Electrical cautery is also an option. The patient should be anesthetized prior to the procedure. Like chemical cautery, use is also limited if the surface is not adequately dry.
Several nasal packings are available if the above treatments are unsuccessful. Options include nasal tampons, nasal balloon catheters, vaseline gauze, and thrombogenic foams and gels.
- Nasal tampons (Merocel sponge): Pretreat patients with a vasoconstrictor/topic anesthetic. Coat the tampon with bacitracin and then insert along the floor of the nose. Expand Merocel with 10 ml of saline.
- Vaseline gauze packing: Use bayonet forceps with nasal speculum and layer gauze bottom to top like an accordion at the floor of the nose. This technique may also be more difficult in comparison to the others..
- Nasal balloon catheter (Rapid Rhino): Easiest method to control epistaxis of all nasal packings. Come in short and long for anterior and posterior bleeds. Soak in sterile water (not saline) for 30 seconds and insert along the floor of the nasal cavity and inflate with air.
- Gels/Foams: Apply these hemostatic materials directly over the bleed to achieve hemostasis.
Transexamic Acid (TXA)
Transexamic acid (TXA) is a topical antifibrinolytic agent. Soak gauze or merocel with TXA and apply topically. This is also a good option to help control bleeding In other places beside the nose.
Posterior Epistaxis Treatment Options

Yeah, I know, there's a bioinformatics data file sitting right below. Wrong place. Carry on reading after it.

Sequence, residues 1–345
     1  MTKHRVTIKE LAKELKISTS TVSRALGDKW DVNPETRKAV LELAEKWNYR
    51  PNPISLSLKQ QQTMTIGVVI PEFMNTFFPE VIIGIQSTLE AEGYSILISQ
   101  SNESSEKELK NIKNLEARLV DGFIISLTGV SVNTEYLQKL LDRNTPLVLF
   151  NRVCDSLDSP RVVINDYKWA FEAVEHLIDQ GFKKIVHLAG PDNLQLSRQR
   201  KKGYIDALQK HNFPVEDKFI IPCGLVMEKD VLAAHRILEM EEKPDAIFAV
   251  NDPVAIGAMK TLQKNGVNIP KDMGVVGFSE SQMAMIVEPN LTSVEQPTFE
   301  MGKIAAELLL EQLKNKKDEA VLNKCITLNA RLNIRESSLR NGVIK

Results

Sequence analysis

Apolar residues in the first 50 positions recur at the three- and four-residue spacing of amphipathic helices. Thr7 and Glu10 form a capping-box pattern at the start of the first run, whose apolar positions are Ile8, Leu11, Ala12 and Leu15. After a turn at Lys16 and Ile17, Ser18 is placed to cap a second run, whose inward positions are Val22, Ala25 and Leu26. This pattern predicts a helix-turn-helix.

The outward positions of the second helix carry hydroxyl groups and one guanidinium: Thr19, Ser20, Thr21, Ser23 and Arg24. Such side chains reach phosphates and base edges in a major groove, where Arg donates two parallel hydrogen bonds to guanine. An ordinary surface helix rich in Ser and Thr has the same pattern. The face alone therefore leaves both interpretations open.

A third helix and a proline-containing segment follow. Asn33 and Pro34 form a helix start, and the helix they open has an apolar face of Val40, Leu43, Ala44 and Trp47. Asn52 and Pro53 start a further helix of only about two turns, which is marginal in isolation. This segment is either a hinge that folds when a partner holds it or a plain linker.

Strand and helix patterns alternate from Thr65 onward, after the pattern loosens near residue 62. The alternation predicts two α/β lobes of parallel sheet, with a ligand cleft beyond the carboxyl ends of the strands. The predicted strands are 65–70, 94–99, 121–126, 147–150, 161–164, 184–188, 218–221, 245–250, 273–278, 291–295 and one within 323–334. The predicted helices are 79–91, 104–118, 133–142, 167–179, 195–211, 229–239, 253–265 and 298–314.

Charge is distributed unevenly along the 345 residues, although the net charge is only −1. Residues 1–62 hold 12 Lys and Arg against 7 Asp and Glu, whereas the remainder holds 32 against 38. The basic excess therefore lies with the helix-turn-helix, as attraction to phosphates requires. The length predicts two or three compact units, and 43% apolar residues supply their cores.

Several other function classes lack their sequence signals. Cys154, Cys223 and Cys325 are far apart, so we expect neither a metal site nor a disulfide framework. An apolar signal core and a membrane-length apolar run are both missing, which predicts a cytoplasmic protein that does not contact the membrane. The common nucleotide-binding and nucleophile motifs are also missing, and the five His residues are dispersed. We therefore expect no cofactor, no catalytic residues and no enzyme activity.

If your patient has continuous hemorrhage despite anterior packing, you are likely treating posterior epistaxis. Posterior bleeds may respond to topical vasoconstrictors but typically require balloon catheters to create tamponade. Options for posterior epistaxis treatment includes a long Rapid Rhino, balloon catheter, or also a foley catheter. Balloon catheters for posterior bleeds consist of two balloons: a smaller posterior for the nasopharynx and a larger anterior balloon for the nasal cavity. You can also use a 10 or 14 French Foley catheter if a balloon catheter is unavailable.
Posterior packings are more difficult and more painful than anterior packing and have a higher risk of
complications. Posterior bleeds may require ENT consultation or surgical intervention. These patients are typically hospitalized for close monitoring. Check the posterior oropharynx after packing to ensure that there is no persistent bleeding. Surgery should be performed if hemorrhage persists despite all interventions.
Epistaxis is a common issue in patients of all ages. Based on the intervention that is required, consider prophylactic antibiotics and ensure good follow up instructions for packing removal in 3-5 days. Also discuss sinus precautions with patients including avoiding blowing the nose, using saline nasal sprays to moisturize the nasal cavity, and avoiding lifting heavy objects.
Alter, H. (2021). Approach to the adult with epistaxis: UpToDate. Retrieved January 31, 2022, from
Diamond L. Managing epistaxis. JAAPA. 2014 Nov;27(11):35-9. doi: 10.1097/01.JAA.0000455643.58683.26. PMID: 25303882.
Seikaly, H. (2021). Epistaxis. The New England Journal of Medicine. 384(10), 944-951 DOI: 10.1056/NEJMcp2019344